RC: Furtherfield Commons opened last year in Finsbury Park, North London as a community lab space, for more diverse people to learn more about digital culture; to learn how to work with new technologies on their own terms; to better understand the devices in their hands, on their clothes, in their lines of sight etc; to demystify and open up the black box of technology. Furtherfield Gallery has been based in the heart of the park since 2012 (before this Furtherfield hosted 3-5 exhibitions since 2004 in a warehouse gallery called HTTP). These venues in a metropolitan public space enable us to engage a hyper-diverse public with the work of artists from an international community. Digital culture is changing society: the way we relate to each other; how power flows and politics is done; shaping environmental stresses. And artists help us to feel and evaluate these societal shifts. By presenting the work of artists who focus on these effects, and then talking with audiences and participants, we learn what matters to people and our visitors are often surprised to be addressed in this way by artists.
With Furtherfield Commons we also want to experiment with how a commons might work for an arts and technology led organisation. Discussions of the commons often (unhelpfully) centre around how to manage and share scarce resources – materals, knowledge, praxis – and get stuck on questions of ownership, fairness etc. However for us, at least as an important aspect of the commons, is how, together, we can imagine, devise, maintain and steward, places, infrastructures, systems and communities for a good life for more diverse people and all living things.
When our consumer culture invites us to constantly outsource responsibility for these activities and knowledges, we hope that the events and programmes we host at Furtherfield Commons, in partnership with a network of thoughtful and critical individuals and organsations, will help more people to imagine that a good life is the business of us all.
We link with nearby local communities by connecting with a range of local enthusiasms, interests and needs; working in partnership with educational and criticial technology groups like Fossbox and Codasign we are able to offer accessible activities for young people and those not normally involved with technology. In collaboration with artist and game theorist, Dr Mary Flanagan we have developed Play Your Place, to bring people together to co-create shared visions of their locality through drawing and play. Last year we hosted a series of Class Wargames events inspired by the Situationist Guy Debord’s Game of War. People gathered to play boardgames based on historic battles, in order to learn about and develop revolutionary strategies and tactics from history. We are also developing partnerships with local arts organisations like All Change Arts who have long had their roots in the area, developing extraordinary work with those who might otherwise be excluded from the arts. Last year before the commons opened we worked with Bright Sparks , an electrical recycling and community design enterprise on a co-created, network performance about the impact of e-waste, as part of Helen Varley Jamieson’s We Have A Situation, with 5 European organisations looking at local issues with a global impact. We plan to build on these this year with the upcoming Sex and Security workshops with Fossbox. The Museum of Contemporary Commodities by artist, Paula Crutchlow (Blind Ditch) and cultural geographer Dr Ian Cook (of Followthethings.com) looks at trade justice and how data uses shape our physical spaces and social relations. We are also planning Summer Saturday club for 600 young people and their guardians over the next two years. We will work with partners to devise and share new ways to learn about the principles of programming through artistic concepts and approaches drawing on the ethos of the 70s art school.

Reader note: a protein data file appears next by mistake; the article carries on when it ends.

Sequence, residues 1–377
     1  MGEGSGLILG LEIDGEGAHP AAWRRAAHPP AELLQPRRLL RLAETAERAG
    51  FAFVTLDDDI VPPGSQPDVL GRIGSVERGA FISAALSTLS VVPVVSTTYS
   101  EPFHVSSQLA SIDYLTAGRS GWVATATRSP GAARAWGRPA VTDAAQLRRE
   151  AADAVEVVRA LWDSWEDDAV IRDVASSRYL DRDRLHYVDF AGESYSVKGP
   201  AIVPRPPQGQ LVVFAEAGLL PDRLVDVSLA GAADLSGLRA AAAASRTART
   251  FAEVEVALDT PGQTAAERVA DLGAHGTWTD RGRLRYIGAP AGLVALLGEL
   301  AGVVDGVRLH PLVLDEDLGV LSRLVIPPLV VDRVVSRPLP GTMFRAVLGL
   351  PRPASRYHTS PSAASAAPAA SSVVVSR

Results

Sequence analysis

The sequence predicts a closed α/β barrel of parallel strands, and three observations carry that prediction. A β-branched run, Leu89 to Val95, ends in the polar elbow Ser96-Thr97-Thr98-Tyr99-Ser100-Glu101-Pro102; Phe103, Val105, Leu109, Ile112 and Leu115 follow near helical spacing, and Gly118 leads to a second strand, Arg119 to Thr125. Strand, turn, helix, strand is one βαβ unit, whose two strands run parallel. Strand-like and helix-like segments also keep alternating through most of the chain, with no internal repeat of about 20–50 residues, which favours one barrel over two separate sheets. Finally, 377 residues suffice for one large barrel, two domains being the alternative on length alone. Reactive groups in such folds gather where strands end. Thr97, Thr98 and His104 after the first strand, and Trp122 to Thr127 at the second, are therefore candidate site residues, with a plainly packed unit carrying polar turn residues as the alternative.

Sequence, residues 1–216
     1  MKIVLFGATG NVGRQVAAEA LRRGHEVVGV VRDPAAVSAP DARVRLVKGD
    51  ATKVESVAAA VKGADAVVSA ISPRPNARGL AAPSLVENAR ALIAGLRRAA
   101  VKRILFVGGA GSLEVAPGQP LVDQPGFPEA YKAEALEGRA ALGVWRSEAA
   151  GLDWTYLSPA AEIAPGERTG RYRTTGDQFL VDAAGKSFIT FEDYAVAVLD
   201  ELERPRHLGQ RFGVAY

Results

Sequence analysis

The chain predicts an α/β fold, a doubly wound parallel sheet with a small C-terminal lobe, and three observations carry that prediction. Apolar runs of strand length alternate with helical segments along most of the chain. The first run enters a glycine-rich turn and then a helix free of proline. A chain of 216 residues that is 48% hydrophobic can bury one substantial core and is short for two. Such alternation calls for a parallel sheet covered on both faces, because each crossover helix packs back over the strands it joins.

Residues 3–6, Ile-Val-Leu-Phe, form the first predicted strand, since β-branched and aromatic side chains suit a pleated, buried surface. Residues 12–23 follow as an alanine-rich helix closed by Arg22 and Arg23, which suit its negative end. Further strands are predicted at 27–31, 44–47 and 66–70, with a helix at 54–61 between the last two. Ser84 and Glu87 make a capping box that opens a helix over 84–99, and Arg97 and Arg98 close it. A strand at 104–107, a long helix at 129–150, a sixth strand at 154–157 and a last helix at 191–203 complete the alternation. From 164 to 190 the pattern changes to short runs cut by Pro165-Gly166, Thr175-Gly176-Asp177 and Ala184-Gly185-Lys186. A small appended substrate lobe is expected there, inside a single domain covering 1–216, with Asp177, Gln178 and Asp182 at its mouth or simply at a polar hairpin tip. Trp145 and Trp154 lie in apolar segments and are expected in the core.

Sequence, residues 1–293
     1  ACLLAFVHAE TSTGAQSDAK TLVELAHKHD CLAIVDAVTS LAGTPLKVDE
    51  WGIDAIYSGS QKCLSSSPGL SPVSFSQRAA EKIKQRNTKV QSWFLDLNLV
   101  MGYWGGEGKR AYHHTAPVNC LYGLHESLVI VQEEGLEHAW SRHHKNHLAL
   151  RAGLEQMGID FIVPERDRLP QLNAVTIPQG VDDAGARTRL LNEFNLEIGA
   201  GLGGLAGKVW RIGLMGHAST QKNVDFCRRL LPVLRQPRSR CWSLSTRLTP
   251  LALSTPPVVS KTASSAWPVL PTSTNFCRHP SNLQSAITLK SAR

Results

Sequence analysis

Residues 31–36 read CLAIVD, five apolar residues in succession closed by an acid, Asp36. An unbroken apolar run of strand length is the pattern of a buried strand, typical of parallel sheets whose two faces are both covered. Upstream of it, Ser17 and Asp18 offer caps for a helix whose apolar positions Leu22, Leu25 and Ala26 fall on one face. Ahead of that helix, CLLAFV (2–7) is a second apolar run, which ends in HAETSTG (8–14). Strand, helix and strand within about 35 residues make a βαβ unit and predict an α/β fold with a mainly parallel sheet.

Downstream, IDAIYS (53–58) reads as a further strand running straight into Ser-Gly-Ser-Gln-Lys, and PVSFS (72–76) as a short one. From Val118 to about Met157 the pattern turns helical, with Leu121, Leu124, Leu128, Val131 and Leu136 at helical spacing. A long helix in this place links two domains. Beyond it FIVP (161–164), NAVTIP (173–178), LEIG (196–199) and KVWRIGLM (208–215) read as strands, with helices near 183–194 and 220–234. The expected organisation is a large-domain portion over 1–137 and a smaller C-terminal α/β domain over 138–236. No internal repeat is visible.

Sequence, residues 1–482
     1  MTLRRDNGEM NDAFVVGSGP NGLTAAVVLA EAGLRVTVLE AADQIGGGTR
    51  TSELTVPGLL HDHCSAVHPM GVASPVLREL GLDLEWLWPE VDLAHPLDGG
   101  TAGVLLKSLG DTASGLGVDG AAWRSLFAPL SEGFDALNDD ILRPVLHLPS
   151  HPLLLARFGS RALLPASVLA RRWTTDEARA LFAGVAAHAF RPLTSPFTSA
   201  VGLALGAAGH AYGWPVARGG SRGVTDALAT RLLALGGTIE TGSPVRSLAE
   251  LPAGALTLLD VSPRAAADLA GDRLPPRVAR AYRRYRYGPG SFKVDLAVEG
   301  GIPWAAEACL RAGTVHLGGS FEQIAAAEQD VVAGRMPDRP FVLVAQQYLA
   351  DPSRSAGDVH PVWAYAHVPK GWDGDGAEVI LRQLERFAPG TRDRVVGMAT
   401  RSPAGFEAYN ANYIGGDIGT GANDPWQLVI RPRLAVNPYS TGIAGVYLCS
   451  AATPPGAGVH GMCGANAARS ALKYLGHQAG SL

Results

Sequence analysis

We are always interested in new proposals for uses for the space.
PT: Could you please tell us a bit more about your concept DIWO (Do-It-With-Others)? How relevant is it to the ‘commons’ and the ‘peer-to-peer’ values?
RC: We coined the term DIWO – Do It With Others in 2006 to extend the DIY(Do It Yourself) ethos of early net art. This was inspired by punk, in which you used the instruments and bare-bones skills you could muster, to bash out culture on your own terms. DIWO consciously adopted a collaborative approach, using the web as an experimental artistic medium and distribution system to reach people in unusual ways and to foment grass-roots creativity and solidarity.
Applying the principles of earlier Mail Art projects- designed to sidestep artworked gatekeeping and heirarchy – we instigated two E-Mail art projects. “Peers connect, communicate and collaborate, creating controversies, structures and a shared grass roots culture, through both digital online networks and physical environments.”
Participants worked across time zones and geographic and cultural distances with digital images, audio, text, code and software. They created streams of art-data, art-surveillance, instructions and proposals in relay, producing multiple threads and mash-ups. Co-curated using VOIP and webcams the exhibition at HTTP Gallery displayed all contributions in a projected email inbox, alongside an installation of prints of every image, and a running copy of every video and audio file submitted. Every submission was considered an artwork – or part of a larger, collective artwork – for the DIWO project.
From these early events a set of DIWO principles have emerged. It’s DIWO if it:-